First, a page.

North Korea test-launches long-range missile

Defying American warnings, five missiles launched, including one with a range capable of reach US.

By ASSOCIATED PRESS
July 5, 2006 03:12
4 minute read.
North Korea test-launches long-range missile

n korean missiles 224.88. (photo credit: AP [file])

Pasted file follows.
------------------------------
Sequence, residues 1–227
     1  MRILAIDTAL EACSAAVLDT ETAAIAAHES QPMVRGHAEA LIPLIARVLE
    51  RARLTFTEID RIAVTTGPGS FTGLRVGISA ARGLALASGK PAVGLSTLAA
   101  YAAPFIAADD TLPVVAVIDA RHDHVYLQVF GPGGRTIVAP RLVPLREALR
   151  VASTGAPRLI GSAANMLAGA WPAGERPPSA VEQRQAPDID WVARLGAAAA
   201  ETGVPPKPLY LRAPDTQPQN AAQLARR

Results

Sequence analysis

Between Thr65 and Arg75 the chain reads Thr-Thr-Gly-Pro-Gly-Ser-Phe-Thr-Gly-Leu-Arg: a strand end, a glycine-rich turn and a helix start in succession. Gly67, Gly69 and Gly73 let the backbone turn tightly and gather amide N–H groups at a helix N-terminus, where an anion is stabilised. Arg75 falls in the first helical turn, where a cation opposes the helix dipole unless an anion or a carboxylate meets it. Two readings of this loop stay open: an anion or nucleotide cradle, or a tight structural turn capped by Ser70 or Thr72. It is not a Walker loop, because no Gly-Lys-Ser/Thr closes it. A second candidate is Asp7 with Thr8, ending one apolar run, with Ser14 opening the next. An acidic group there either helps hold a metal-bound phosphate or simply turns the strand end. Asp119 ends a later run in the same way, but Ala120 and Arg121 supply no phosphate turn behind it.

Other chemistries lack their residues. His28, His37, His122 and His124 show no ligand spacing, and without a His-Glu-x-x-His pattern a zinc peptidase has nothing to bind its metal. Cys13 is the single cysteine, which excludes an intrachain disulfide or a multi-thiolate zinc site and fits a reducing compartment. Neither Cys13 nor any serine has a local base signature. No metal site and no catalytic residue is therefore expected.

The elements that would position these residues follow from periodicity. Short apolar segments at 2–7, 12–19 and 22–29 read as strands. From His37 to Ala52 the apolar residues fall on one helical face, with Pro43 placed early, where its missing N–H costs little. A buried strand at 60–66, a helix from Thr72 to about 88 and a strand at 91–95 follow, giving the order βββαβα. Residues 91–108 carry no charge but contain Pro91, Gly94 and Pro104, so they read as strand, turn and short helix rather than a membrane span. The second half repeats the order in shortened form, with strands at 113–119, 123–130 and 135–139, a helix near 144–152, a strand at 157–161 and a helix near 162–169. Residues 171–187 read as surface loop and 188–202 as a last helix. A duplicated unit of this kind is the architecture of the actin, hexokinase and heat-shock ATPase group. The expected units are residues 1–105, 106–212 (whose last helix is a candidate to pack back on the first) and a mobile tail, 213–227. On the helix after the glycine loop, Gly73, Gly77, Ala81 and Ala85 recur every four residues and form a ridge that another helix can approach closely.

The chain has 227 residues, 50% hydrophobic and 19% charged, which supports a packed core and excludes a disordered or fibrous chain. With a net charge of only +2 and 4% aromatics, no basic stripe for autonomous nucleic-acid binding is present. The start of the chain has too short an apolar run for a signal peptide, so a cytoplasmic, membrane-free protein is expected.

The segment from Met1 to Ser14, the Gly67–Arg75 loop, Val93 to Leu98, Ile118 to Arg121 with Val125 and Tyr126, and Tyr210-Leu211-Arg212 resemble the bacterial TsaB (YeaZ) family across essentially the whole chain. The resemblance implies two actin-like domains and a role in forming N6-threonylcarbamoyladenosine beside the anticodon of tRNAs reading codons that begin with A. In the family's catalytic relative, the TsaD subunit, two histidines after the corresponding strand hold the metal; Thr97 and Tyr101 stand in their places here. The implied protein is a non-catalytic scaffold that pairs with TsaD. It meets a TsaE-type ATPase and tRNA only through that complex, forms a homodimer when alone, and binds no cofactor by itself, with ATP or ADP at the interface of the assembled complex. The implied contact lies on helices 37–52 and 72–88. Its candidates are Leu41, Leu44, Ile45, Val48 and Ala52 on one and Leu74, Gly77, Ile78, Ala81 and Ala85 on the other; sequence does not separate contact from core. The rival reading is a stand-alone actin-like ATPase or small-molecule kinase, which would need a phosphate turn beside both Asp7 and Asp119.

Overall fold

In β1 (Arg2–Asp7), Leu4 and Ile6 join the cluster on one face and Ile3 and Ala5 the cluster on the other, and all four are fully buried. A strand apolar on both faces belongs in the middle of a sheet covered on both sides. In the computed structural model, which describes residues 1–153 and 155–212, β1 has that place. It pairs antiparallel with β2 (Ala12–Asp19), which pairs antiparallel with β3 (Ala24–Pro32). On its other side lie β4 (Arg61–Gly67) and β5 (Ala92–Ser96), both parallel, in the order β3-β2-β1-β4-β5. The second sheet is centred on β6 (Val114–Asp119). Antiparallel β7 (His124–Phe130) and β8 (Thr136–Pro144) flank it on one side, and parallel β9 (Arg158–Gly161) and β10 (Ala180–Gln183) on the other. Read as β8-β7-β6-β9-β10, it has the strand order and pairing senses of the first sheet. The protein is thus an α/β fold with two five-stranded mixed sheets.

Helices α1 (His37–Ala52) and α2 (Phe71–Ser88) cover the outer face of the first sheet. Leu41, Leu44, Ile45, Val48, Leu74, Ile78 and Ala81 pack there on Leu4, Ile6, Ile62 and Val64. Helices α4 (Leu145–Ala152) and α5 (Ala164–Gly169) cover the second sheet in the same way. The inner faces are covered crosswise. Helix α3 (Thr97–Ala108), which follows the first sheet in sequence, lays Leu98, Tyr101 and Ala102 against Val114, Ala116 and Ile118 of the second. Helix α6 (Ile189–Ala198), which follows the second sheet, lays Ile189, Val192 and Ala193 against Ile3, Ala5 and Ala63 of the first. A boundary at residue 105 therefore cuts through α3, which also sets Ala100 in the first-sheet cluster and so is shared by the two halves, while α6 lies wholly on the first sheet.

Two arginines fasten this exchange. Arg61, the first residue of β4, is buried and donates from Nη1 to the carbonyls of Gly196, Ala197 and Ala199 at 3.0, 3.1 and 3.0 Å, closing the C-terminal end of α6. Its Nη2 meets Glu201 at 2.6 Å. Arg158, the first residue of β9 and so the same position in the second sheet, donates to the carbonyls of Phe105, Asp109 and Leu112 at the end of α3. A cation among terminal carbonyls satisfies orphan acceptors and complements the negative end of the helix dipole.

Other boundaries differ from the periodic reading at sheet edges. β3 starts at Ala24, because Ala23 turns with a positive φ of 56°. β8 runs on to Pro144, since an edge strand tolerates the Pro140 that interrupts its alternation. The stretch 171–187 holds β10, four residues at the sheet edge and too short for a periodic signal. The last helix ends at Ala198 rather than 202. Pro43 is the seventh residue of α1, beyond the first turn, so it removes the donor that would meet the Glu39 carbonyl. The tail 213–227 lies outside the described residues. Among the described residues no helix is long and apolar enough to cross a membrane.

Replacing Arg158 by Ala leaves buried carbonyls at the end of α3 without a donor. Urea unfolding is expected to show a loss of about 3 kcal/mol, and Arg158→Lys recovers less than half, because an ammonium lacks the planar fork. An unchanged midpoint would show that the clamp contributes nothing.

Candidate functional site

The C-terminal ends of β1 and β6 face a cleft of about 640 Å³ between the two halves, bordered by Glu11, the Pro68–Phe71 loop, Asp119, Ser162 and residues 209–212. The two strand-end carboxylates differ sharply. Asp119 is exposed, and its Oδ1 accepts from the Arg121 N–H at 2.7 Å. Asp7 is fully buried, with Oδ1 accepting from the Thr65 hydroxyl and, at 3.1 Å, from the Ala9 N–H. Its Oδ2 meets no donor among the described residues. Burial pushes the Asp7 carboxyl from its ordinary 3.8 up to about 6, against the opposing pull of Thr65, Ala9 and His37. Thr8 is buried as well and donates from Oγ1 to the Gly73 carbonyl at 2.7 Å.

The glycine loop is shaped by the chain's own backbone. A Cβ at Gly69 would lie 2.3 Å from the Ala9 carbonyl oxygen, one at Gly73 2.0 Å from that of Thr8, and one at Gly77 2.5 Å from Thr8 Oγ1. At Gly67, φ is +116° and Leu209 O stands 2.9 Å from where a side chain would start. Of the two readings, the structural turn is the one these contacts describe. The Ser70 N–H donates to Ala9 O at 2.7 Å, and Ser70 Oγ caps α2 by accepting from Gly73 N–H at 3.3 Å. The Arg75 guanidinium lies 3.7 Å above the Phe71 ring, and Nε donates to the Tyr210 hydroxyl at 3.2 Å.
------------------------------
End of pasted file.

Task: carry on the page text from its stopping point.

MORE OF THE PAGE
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Defying stern warnings from Washington and Tokyo, North Korea at least five missiles, including a long-range Taepodong-2 capable of reaching the United States, the White House said, describing the tests as "a provocation." Four of the five missiles were short range and the long-range Taepodong-2 failed after 35 seconds. The short-range missiles landed in the Sea of Japan. The audacious military exercise by the isolated communist nation came as the United States celebrated the Fourth of July holiday and launched the space shuttle Discovery from Cape Canaveral, Florida. "We are urgently consulting with members of the Security Council," said John Bolton, the US ambassador to the United Nations. Thomas Schieffer, the US ambassador to Japan, called the launches "a provocative act," and the White House said Pyongyang had further alienated itself from the world community. "The North Koreans have again clearly isolated themselves," White House press secretary Tony Snow told reporters at the White House, adding that President George W. Bush has been in consultation with Defense Secretary Donald H. Rumsfeld, Secretary of State Condoleezza Rice and National Security Adviser Stephen Hadley. "It is a provocation," said a senior administration official, who spoke only on condition of anonymity. Two US State Department officials, who spoke on condition of anonymity, said the long-range missile was the Taepodong-2, North Korea's most advanced missile with a range of up to 15,000 kilometers (9,320 miles). Experts believe it could reach the United States with a light payload. The launch came after weeks of speculation that the North was preparing to test the Taepodong-2 from a site on its northeast coast. The preparations had generated stern warnings from the United States and Japan, which had threatened possible economic sanctions in response. "North Korea has gone ahead with the launch despite international protest," Japanese Chief Cabinet Secretary Shinzo Abe said. "That is regrettable from the standpoint of Japan's security, the stability of international society, and non-proliferation of weapons of mass destruction." The missiles all landed hundreds of kilometers (miles) away from Japan and there were no reports the missiles caused damage within Japanese territory, Abe said. He said the first missile was launched at about 3:30 a.m. Wednesday, or about 2:30 p.m. Tuesday EDT. The two others were launched at bout 4 a.m. and 5 a.m., he said. If the timing is correct, the North Korean missiles were launched within minutes of Tuesday's liftoff of Discovery, which blasted into orbit from Cape Canaveral in the first US space shuttle launch in a year. "We would hope they would cease and desist from these provocative acts," Schieffer said. "This is no way to advance their foreign policy goals." It was not clear which launch was the long-range missile. The Japanese government was unable to confirm the report by US officials that a Taepodong-2 was fired. Han Song Ryol, deputy chief of North Korea's mission to the UN in New York, told The Associated Press in a telephone interview: "We diplomats do not know what the military is doing." North Korea's missile program is based on Scud technology provided by the former Soviet Union or Egypt, according to American and South Korean officials. North Korea started its Rodong-1 missile project in the late 1980s and test-fired the missile for the first time in 1993. North Korea had observed a moratorium on long-range missile launches since 1999. It shocked the world in 1998 by firing a Taepodong missile over Japan and into the Pacific Ocean. On Monday, the North's main news agency quoted an unidentified newspaper analyst as saying Pyongyang was prepared to answer a US military attack with "a relentless annihilating strike and a nuclear war." The Bush administration responded by saying while it had no intention of attacking, it was determined to protect the United States if North Korea launched a long-range missile. On Monday, Undersecretary of State Nicholas Burns warned North Korea against firing the missile and urged the communist country to return to six-nation talks on its nuclear program. The six-party talks, suspended by North Korea, involved negotiations by the United States, China, South Korea, Japan and Russia with Pyongyang over the country's nuclear program. The United States and its allies South Korea and Japan have taken quick steps over the past week to strengthen their missile defenses. Washington and Tokyo are working on a joint missile-defense shield, and South Korea is considering the purchase of American SM-2 defensive missiles for its destroyers. The US and North Korea have been in a standoff over Pyongyang's nuclear weapons program since 2002. The North claims to have produced nuclear weapons, but that claim has not been publicly verified by outside analysts. While public information on North Korea's military capabilities is murky, experts doubt that the regime has managed to develop a nuclear warhead small enough to mount on its long-range missiles. Nonetheless, Lt.-Gen. Michael Maples, director of the Defense Intelligence Agency, told US lawmakers last week that officials took the potential launch reports seriously and were looking at the full range of capabilities possessed by North Korea.

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